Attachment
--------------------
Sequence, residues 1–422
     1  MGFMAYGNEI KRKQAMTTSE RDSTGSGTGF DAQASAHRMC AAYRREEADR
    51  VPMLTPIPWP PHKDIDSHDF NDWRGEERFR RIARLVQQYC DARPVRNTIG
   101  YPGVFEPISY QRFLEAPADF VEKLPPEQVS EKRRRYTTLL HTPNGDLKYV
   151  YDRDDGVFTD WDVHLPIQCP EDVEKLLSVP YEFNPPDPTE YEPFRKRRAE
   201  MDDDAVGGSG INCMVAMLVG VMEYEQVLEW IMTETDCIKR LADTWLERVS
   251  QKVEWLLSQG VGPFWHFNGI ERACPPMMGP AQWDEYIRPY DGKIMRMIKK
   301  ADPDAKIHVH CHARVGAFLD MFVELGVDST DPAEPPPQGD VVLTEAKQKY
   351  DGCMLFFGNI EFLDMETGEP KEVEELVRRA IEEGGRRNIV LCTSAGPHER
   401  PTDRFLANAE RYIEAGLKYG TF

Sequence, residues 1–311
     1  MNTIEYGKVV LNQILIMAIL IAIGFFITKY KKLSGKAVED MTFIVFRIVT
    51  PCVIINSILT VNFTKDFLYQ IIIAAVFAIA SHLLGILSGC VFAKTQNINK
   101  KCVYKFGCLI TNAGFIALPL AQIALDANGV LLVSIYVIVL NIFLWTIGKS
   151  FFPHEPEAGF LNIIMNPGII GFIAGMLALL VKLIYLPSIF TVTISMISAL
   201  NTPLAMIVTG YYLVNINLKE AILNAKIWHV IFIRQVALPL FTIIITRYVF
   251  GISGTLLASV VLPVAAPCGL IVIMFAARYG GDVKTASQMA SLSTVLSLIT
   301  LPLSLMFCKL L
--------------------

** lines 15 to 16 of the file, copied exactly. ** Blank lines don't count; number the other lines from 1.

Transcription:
   151  FFPHEPEAGF LNIIMNPGII GFIAGMLALL VKLIYLPSIF TVTISMISAL
   201  NTPLAMIVTG YYLVNINLKE AILNAKIWHV IFIRQVALPL FTIIITRYVF